What is penile cancer?
Penile cancer is rare, accounting for less than 1% of cancers affecting males in the United States. Survival rates of penile cancer are quite good if the cancer is detected early.
Squamous cell carcinoma is the most common type of penile cancer (approximately 95% of cases). Penile cancer can appear anywhere on the penis, but it usually appears in the following:
- Foreskin in men who have not been circumcised
- Head of the penis (glans)
What are the signs and symptoms of penile cancer?
Symptoms of penile cancer may include:
- Rash or wart-like lump on the penis that does not heal within 4 weeks, especially on the glans (head of the penis) or under the foreskin
- Lumps in other parts of the groin
- Bleeding from the penis or under the foreskin
- Foul-smelling discharge
- Change in the color of the penis or foreskin
- Irritation or itching
- Discomfort or sharp pain
- Penis or foreskin thickening, which makes it harder to draw the foreskin back
- Difficulty urinating
- Blood in the urine
- Swollen lymph nodes in the groin area
If you notice any of these symptoms, consult a doctor immediately. The sooner penile cancer is detected and treated, the better the prognosis in the long run.
What are the risk factors for penile cancer?
Although the specific cause of most penile cancers is unknown, they are linked to a wide variety of risk factors:
- Poor hygiene: Chronic inflammation, which has been linked to penile cancer, can be caused by poor hygiene.
- Age: The risk of developing penile cancer increases with age. About 80% of penile cancers occur in males over 55 years of age.
- Human papillomavirus (HPV) infection: HPV has been linked to certain cancers, especially penile cancer.
- Not being circumcised: Circumcision involves the removal of all (or a portion) of the foreskin. Men who were circumcised as children may have a lower risk of developing penile cancer than men who were not.
- Phimosis: In uncircumcised males, the foreskin can grow tight and become difficult to retract. Secretions can sometimes accumulate under the foreskin and form smegma, which raises the risk of penile cancer.
- Smoking and other tobacco use: Tobacco use with HPV infection increases the risk of developing penile cancer.
- Ultraviolet (UV) light treatment of psoriasis: Psoriasis is a skin disease that is occasionally treated with ultraviolet A (UVA) light therapy, which can increase the risk of penile cancer.
- Acquired immunodeficiency syndrome (AIDS): AIDS can increase the risk of penile cancer due to the compromised immune system.
What are the treatment options for penile cancer?
Treatment for penile cancer is based on the location, stage, and grade of the tumor, as well as the patient’s age and overall health. Treatment options may involve a combination of:
- Radiation therapy
Surgery is the main treatment option. Multiple surgical methods are available for the treatment of penile cancers:
- Cryosurgery: Cancer cells are frozen and destroyed using liquid nitrogen (used for superficial penile tumors).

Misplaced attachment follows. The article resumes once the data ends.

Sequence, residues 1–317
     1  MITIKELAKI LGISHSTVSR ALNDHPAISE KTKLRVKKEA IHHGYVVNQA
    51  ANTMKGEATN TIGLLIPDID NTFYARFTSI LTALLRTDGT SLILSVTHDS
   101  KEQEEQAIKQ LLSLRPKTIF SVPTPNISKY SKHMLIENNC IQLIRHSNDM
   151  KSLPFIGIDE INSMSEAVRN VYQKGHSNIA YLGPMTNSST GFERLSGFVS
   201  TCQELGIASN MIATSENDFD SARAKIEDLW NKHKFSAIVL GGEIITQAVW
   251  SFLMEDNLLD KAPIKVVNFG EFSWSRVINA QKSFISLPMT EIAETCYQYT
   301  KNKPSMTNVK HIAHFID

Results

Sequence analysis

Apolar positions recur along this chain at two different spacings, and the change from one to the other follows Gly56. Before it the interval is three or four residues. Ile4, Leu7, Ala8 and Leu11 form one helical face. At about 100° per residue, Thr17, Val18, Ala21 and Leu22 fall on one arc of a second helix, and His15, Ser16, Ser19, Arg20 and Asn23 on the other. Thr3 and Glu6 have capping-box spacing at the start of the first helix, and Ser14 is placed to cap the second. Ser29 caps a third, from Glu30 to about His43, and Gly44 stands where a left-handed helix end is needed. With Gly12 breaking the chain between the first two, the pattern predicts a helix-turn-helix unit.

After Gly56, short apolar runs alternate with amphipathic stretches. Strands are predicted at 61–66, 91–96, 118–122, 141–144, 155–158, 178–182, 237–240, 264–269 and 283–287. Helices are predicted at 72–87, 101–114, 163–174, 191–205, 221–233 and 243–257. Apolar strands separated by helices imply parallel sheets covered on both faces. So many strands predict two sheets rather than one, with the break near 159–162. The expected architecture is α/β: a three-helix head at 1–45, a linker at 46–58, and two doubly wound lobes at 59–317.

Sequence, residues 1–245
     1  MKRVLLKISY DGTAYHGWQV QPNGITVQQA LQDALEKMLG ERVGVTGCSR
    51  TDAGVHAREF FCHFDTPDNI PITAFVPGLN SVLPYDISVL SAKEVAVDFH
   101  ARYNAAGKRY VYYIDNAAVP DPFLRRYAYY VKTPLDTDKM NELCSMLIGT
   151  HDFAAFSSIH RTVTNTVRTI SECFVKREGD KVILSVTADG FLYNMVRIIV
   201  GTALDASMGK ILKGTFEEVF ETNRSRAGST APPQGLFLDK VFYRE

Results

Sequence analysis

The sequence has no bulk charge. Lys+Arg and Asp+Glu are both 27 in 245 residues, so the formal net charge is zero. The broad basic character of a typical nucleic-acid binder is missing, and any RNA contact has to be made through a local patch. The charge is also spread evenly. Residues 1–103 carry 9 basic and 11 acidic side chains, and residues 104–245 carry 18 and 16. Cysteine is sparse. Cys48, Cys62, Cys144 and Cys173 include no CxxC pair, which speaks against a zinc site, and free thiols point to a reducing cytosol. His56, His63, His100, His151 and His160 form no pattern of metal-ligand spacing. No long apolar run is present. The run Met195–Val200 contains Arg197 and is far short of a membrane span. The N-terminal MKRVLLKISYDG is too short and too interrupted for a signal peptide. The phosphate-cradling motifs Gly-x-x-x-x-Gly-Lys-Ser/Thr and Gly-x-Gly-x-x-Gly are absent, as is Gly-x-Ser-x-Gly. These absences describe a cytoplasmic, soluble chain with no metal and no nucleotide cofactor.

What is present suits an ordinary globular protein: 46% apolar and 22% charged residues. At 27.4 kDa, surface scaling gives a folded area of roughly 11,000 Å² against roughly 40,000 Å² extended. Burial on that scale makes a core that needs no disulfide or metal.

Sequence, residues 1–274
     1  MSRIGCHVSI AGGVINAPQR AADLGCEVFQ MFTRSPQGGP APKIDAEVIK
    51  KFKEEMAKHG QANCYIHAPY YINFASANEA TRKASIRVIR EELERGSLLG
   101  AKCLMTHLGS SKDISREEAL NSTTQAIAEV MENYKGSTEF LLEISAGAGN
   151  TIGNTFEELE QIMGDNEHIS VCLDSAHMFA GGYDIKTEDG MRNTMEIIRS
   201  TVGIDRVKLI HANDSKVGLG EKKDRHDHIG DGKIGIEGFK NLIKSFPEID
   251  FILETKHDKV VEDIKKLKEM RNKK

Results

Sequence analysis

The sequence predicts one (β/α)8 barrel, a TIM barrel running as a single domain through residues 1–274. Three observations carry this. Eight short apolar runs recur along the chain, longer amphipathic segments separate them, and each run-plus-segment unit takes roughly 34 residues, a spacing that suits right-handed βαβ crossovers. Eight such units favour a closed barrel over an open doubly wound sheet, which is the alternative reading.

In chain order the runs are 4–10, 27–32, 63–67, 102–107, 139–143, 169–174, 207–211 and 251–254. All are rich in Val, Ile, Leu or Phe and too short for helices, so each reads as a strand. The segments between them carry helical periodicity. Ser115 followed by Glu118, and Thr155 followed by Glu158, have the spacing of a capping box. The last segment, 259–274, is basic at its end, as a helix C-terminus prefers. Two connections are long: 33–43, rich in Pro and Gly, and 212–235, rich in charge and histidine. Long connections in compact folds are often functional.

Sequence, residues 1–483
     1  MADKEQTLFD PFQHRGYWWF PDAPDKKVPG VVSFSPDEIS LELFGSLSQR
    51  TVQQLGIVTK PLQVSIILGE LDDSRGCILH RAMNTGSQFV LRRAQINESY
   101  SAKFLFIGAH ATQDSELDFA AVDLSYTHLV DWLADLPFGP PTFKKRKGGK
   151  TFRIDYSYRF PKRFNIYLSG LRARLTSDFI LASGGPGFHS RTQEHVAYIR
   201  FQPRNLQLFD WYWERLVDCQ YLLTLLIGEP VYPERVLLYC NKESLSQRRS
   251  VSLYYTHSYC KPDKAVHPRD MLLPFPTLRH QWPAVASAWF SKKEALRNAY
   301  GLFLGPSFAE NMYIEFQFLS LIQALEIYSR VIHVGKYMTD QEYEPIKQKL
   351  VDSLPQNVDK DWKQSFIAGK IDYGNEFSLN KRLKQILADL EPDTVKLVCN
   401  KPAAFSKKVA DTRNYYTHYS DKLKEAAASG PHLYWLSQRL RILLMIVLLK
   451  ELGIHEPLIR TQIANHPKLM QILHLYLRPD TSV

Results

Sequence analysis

- Laser surgery: Tumor cells are killed with a strong beam of light.
- Circumcision: Circumcision, or removal of the foreskin, is advised if penile cancer has not progressed beyond the foreskin.
- Excision: Excision involves surgically removing the tumor and some healthy tissue. Depending on the stage and grade of the tumor, the surgeon may remove only a small quantity of healthy tissue (simple excision) or a substantial amount of healthy tissue (wide local excision). If there is not enough skin left to cover the surgical area, a skin graft from another body part may be used.
- Glansectomy: All or part of the glans may be removed in early-stage penile cancers that are localized to the tip of the penis (glans). Reconstructive surgery may be performed after this operation.
- Mohs surgery: During Mohs surgery, a tiny layer of penile skin is removed and examined under a microscope for the presence of cancer cells. This is repeated until all tissue samples are cancer-free.
- Penectomy: Penectomy is the surgical removal of a portion or the entire penis. In some cases, a total penectomy may be required, followed by a perineal urethrostomy, in which the surgeon makes an opening in the perineum, between the scrotum and anus, to allow urine to drain. Because the urethral sphincter muscle (the muscle that controls urine flow) is preserved, the patient retains bladder control.
- Lymph node removal surgery: This surgery involves removing lymph nodes near the tumor to determine whether the cancer has spread.
Radiation therapy for penile cancer involves killing cancer cells with high-energy radiation beams, such as X-rays or proton beams. Radiation therapy can be combined with other treatments, such as surgery and chemotherapy, to improve treatment outcomes.
Chemotherapy uses potent anti-cancer drugs to destroy cancer cells.
Chemotherapy can be administered before surgery (neoadjuvant chemotherapy) to shrink the tumor and after surgery (adjuvant chemotherapy) to destroy remaining cancer cells.
For early-stage penile cancers, topical chemotherapy is often recommended.
What is the prognosis for penile cancer?
Unfortunately, penile tumors can recur in a small number of cases. They can, however, be successfully treated if detected early. Patients must keep their follow-up appointments, which will be scheduled at regular intervals after treatment to monitor the recurrence of cancer.
Penile cancer is curable and has high survival rates when detected early.
American Cancer Society. If You Have Penile Cancer. https://www.cancer.org/cancer/penile-cancer/if-you-have-penile-cancer.html
UMass Chan Medical School. Penile Cancer. https://www.umassmed.edu/urology/clinical-conditions/cancer/penile-cancer/
Columbia University. About Penile Cancer. https://www.columbiadoctors.org/specialties/urology/specialties/urologic-cancers/penile-cancer/about-penile-cancer
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